Friday, September 13, 2019

Inbox - The Week's Whisky News (September 13, 2019) Part 2


Welcome to Inbox, our weekly round up of whisky news and PR material that has found its way in to our WFE email. It was created as we cannot write full articles or do justice to every piece received. It features items from around the world of whisky and is published by us each Friday.

Within Inbox we aim to write a few lines detailing each press release/piece of news/PR event that we have received and provide links, where possible, for you to find out further information.  We have been away on holiday so the new releases have piled up a bit. Therefore we have decided to split Inbox in to two parts. Part 1 can be found on the blog. This is the news that has grabbed our attention over the last two weeks.

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Lakes
The English distillery of The Lakes, located in the northern area of the Lake District, have announced the release of their first every single malt. The WhiskyMaker's Reserve No.1 is the first part of a planned wider range of whiskies and follows the distillery's 'sherry led style'. It has been matured in three tyoes of oak cask - made from American, French and Spanish oak - and these have previously held Pedro Ximinez sherry and red wine.

These have then been married together by Dhavall Gandhi, the whiskymaker at the Lakes. There are just 5,922 bottles available of the WhiskyMaker's Reserve No.1 and these have been released at the natural cask strength of 60.6% ABV. Each bottle will cost £65 and is available from www.lakesdistillery.com.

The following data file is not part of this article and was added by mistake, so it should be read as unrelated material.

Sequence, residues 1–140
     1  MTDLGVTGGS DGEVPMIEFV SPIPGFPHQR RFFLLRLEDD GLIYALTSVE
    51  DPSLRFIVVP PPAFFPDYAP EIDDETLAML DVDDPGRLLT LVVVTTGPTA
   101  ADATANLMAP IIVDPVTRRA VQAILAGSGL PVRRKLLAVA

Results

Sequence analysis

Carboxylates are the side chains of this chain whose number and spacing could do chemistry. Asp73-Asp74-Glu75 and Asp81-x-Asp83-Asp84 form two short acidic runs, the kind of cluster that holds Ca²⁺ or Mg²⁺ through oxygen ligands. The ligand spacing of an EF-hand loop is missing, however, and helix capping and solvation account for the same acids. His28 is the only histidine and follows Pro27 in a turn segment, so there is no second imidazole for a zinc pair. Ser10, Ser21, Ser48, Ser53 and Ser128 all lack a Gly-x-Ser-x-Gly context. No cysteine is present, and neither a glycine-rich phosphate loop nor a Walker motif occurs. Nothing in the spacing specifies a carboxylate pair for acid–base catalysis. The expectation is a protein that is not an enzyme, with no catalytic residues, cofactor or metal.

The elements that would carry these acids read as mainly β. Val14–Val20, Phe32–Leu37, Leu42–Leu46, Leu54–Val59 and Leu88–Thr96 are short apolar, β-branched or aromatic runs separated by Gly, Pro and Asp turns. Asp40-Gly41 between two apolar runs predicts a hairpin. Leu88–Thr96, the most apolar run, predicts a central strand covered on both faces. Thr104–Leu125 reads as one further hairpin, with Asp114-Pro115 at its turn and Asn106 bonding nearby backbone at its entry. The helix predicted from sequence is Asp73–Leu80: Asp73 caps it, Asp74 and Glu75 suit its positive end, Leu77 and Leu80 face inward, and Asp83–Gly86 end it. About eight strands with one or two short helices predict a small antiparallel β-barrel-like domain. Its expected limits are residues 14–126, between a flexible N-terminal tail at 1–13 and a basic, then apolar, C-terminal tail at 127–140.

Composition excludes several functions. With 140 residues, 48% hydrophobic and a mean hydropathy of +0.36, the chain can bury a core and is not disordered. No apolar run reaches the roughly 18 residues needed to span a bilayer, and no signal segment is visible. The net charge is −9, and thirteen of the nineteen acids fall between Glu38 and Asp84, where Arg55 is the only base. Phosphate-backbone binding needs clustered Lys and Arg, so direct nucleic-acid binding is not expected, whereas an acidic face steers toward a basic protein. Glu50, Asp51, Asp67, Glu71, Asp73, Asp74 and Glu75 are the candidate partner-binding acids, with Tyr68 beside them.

Littlemill
The Littlemill distillery, which closed in 1994 and was destroyed by fire in 2004, has added another rare single malt to its Private Cellar Collection - the Littlemill 29 years old. The last remaining rare stocks are being crafted by Michael Henry, the Master Blender, and this release is the third in the series. The new whisky has been matured in re-fill ex-bourbon casks and was distilled in 1990. It was then split with some being finished in first-fill ex-sherry casks and some in to Limousin oak casks.

The Littlemill 29 years old is presented in a bespoke decanter, designed by Glencairn Crystal, which features a hand engraved depiction of the River Clyde and the distillery's location (marked with a star). There are just 600 bottles and each comes with a crafted wooden box, a 5cl miniature of the liquid, a piece of an ex-Littlemill cask and a booklet telling the history of the distillery. It is bottled at the natural cask strength of 47.3% ABV and each decanter will cost £2,750/$3,450 US.


Macallan
The famous Speyside distillery of Macallan have announced the latest addition to their prestigious Fine & Rare Collection - the Macallan 1979 Vintage. The whisky was distilled and filled to a single ex-sherry puncheon (cask #2803) in February 1979, and has been bottled at 40 years of age. It has been bottled at the hefty natural cask strength of 57.2% ABV and the puncheon has yielded just 338 bottles. The Macallan Fine & Rare 1979 Vintage will be available in selected luxury retailers and whisky stores with a predicted cost of £10,300/ $12,850 US/€11,550 per bottle.


Method & Madness